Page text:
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Comparative Legal Reasoning and European Law

'Law and Philosophy Library'. Softcover reprint of the or…
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Titel: Comparative Legal Reasoning and European Law
Autor/en: Markku Kiikeri

ISBN: 140200284X
EAN: 9781402002847
'Law and Philosophy Library'.
Softcover reprint of the original 1st ed. 2001.
Book.
Sprache: Englisch.
Springer Netherlands

30. November 2001 - kartoniert - 352 Seiten

Comparative Legal Reasoning and European Law deals with the use of comparative law in European legal adjudication. It describes the different forms of the use of comparative law in legal reasoning, argumentation and justification in several national legal orders and in European level legal institutions. The book begins with an inquiry into the nature of comparative law as a legal source. After the description of the empirical study it ends to the general theory of European law and several hard cases of European law are examined. The book is intended for students and researchers in European law but it also contains aspects to be taken into account in the practical work in European legal orders and legal institutions by judges and legal practitioners.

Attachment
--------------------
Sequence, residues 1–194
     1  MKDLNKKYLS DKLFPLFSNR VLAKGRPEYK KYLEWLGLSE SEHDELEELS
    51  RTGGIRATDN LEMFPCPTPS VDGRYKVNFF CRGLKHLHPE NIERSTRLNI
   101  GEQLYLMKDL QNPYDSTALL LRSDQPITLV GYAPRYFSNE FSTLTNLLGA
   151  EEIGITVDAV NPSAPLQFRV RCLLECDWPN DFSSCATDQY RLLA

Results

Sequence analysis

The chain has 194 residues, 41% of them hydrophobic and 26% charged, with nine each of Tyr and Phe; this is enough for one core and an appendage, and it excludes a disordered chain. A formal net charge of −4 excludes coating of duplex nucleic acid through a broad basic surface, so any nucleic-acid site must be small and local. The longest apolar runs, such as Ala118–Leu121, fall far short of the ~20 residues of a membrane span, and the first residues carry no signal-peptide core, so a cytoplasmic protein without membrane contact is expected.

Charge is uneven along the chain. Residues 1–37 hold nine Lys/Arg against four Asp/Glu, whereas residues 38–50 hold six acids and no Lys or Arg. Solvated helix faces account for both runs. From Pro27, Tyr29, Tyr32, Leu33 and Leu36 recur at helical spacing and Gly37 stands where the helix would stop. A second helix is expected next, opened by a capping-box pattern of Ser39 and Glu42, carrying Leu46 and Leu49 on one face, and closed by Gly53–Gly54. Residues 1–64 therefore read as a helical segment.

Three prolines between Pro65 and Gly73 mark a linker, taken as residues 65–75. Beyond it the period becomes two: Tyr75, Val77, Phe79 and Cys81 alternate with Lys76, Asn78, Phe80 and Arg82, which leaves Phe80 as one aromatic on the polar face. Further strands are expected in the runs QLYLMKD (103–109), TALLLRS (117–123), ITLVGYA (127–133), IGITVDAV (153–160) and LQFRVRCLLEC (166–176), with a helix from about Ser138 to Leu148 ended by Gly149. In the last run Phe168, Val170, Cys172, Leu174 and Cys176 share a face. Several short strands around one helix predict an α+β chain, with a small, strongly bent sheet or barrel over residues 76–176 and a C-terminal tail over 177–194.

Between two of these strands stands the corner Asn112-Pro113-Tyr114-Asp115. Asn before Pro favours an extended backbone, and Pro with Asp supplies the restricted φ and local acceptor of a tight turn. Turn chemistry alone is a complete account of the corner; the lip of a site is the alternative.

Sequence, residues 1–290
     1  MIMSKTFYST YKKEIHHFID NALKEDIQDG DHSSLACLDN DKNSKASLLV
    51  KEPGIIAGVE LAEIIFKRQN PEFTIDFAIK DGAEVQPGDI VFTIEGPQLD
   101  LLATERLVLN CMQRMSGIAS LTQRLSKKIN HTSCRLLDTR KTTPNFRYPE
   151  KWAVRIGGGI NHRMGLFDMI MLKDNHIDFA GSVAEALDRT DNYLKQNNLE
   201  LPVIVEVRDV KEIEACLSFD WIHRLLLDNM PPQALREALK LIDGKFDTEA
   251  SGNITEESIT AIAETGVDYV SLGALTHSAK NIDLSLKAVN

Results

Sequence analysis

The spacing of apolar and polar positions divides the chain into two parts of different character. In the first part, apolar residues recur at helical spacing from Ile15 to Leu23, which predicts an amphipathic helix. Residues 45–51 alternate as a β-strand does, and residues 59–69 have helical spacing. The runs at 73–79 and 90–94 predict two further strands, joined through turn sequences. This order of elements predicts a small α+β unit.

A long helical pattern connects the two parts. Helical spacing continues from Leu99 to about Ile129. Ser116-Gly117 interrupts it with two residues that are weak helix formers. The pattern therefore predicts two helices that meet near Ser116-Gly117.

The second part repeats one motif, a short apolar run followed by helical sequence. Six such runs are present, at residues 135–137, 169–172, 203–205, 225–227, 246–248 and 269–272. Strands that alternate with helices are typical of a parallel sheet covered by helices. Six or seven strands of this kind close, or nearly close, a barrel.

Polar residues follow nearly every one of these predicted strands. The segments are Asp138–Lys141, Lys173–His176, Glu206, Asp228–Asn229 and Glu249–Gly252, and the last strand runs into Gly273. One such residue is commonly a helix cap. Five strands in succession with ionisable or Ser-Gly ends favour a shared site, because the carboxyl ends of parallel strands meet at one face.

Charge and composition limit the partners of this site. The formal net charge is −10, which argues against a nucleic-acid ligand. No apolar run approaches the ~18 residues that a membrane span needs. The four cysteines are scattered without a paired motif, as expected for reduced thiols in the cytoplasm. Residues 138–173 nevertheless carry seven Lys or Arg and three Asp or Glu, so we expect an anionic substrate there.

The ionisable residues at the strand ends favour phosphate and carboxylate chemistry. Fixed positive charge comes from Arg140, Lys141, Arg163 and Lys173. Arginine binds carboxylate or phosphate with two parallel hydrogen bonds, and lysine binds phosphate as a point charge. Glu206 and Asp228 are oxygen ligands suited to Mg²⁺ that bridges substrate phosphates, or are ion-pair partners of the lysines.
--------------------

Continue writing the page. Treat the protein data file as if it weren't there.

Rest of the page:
1: Introduction.- 1.General Remarks.- 2.Comparative Law in the Context of European Law.- 3.The Relevance of the Study.- 2: Some Historical and Theoretical Observations.- 1.Preliminary Remarks: The Rhetorical Nature of the Comparative Legal Argument.- 2. Some History.- 2.1. Early comparisons.- 2.2. Modern comparative law.- 2.3. Conclusions.- 3. To the Idea of Comparative Legal Reasoning.- 3.1. Introduction.- 3.2. Traditional approach.- 3.3. Comparative law argument and comparative legal culture.- 3.4. Comparative law as comparative legal reasoning.- 3.5. Conclusions: the basic structure of practical comparative legal reasoning.- 4. General Conclusions.- 3: Comparative Law in European Legal Adjudication.- 1. Introduction.- 1.1. Preliminary remarks.- 1.2. Some "legal" bases for the use of comparative law in adjudicative reasoning.- 1.3. Some observations concerning the material of the study.- 1.4. The use of comparative law in some national legal orders.- 1.4.1. General remarks.- 1.4.2. Comparative reasoning in relation to international legal obligations.- European law and national legal orders.- Other types of international obligations.- 1.4.3. Some examples.- 1.4.4. Some general remarks on internal comparison, mixed courts, and private international law comparison.- 2. Comparative Law in the European Level Case Law.- 2.1. European Community law.- 2.1.1. General remarks.- 2.1.2. On interpretation in Community law.- 2.1.3. The legal basis for the use of comparative law.- 2.1.4. General remarks on the use of comparative law in the European Community legal order.- 2.1.5. Some general remarks on comparative influences in Community law.- 2.1.6. Comparative reasoning in the realm of international law in the European Court of Justice.- 2.1.7. The use of state legal systems in the absence of international obligations.- 2.1.8. Conclusions.- On the basis of the case law.- On the basis of the interviews.- 2.2. The European System of Human Rights.- 2.2.1. General remarks.- 2.2.2. Some examples of comparative reasoning.- Trial within a reasonable time or release pending trial.- Corporal punishment in private schools.- Non-enforcement of access and custody rights.- Non-recognition of paternity.- Transsexuality.- Pre-trial detention.- 2.2.3. Comparative reasoning related to Article 10(1 and 2) ("freedom of expression" and "necessity in a democraticsociety") in of the European System of Human Rights (Cases Handyside, Engel, X v Germany, Arrowsmith, Glimmerveen, Liberal Party, Barthold, Glasenapp, Markt Intern, Groppera, Autronic,Mtiller, Castels v. Spain, Observer, Colman, Chorherr, Informationsverein Lentia, Casado Coca, Jersild, Oberschlick).- 2.2.4. Conclusions on the European System of Human rights.- On the basis of the case law.- On the basis of the interviews.- 2.3. Some general conclusions.- 2.3.1. General remarks.- 2.3.2. Some analysis.- 3. "Hard Cases" and the Comparative Limits of European Law.- 3.1. Introduction.- 3.2. Value based comparative reasoning.- 3.2.1. Hard case I (The Otto Preminger Institute in the European system of human rights).- General remarks.- Context of justification.- Justification.- Some further analysis.- "Morality" and procedural polycentrism.- 3.2.2. Hard case II (Bachmann in the European Court of Justice).- Context of justification.- Justification.- Some analysis.- Conclusions.- 3.3. Traditional comparative reasoning.- 3.3.1 Hard case III (Hoechst in the European Court of Justice).- General remarks.- Context of justification.- The inquiry into the Member States' systems.- The inquiry into the European System of Human rights.- Conclusions.- Justification.- Some analysis: a principle of individual protection vs. protection of business premises?.- 3.3.2. Hard case IV (Albany in the European Court of Justice).- General remarks.- The facts of the case.- The context of justification (the Advocate General's opinion).- The Court's reasoning.- Some other studies.- Some conclusions.- Collective agreements and competition law; basic rights, market rights, and the hierarchy of these rights based on the idea of functional interpretation.- General conclusions.- 3.4. Functional comparative reasoning: Hard case V (Kalanke in the European Court of Justice).- 3.4.1. General remarks.- 3.4.2. Comparative law as acceptable and non-acceptable legal source.- 3.4.3. "Substantive equality".- 3.4.4. Some analysis.- 3.4.5. Comparative generalities, the paradox, and the use of third law.- 3.4.6. Substantive equality as a cultural argument, the limits of law, and functional law.- 3.4.7. A systematic interpretation?.- 3.4.8. Epilogue I: Structural inequality.- 3.4.9. Epilogue II: a vertical comparative analysis.- 3.4.10. Final conclusions.- 3.5. Conclusions on the hard cases.- 4: Conclusions.- 1. Comparative European Law and European Comparative Law.- 1.1. Preliminary remarks.- 1.2. The intellectual dimension: forms of interaction of arguments and legal systems.- 1.2.1. General remarks.- 1.2.2. The analytical quality of comparative arguments, the "stages of coherence", and the legal integrity of systems.- 1.3. Motives for comparative reasoning in European law.- 1.3.1. General remarks.- 1.3.2. The forms of traditional "self-construction", control of compliance, and integrative interpretation.- 1 3.3 Maintenance of "reasonable autonomy" and the role of comparative considerations in substituting the travaux préparatoires.- 1.3.4. Implementation of changes in a persuasive way; the strength of the normative solution.- 1.3.5. The stability function: the strength of the argument, the judicial self-restraint, and the relative dynamics and stability.- 1.3.6. Comparative reasoning directing the future interpretations in national and European legal systems.- 1.4. The institutional dimension.- 1.4.1. Institutional reasoning in European law.- 1.4.2. The structure of the European level institutional comparative law.- 1.5. Conclusions.- 1.5.1. The function of comparative law in the evolution of European law.- 1.5.2. Problems of evolution?.- 2. Conclusions on European Law.- 2.1. General remarks: toward a "reflexive" theory of European law.- 2.2. Is there justification for the (institutional) non-discursive reflexivity?.- 2.3. Integrative reflexivity and European comparative rules.- 2.4. European comparative dogmatics and vertical comparisons.- 2.5. Conclusions.- Epilogue.- 1. Contemporary Comparative Law.- 2. What Kind of Institutional Justification is Comparative Legal Justification?.- Literature.- Interviews.